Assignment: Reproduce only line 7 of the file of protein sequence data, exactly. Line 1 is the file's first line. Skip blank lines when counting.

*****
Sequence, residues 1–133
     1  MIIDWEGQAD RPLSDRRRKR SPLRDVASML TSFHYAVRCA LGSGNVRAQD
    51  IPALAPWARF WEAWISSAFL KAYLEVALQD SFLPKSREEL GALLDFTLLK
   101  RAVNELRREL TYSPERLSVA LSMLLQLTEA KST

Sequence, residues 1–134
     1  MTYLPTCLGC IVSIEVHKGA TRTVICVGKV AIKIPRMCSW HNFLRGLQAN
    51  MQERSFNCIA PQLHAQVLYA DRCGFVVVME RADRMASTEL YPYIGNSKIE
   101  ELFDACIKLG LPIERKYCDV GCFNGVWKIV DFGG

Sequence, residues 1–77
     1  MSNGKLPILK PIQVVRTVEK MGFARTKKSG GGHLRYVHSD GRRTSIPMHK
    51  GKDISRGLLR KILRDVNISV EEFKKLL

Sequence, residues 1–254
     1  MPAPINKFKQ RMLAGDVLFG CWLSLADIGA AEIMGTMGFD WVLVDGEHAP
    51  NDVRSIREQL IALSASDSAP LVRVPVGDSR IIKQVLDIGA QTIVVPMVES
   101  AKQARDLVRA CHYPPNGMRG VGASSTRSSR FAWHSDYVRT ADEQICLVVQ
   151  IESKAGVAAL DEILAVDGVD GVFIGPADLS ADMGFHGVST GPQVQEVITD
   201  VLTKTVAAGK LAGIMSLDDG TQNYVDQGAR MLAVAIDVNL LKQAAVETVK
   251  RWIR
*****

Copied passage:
    51  MQERSFNCIA PQLHAQVLYA DRCGFVVVME RADRMASTEL YPYIGNSKIE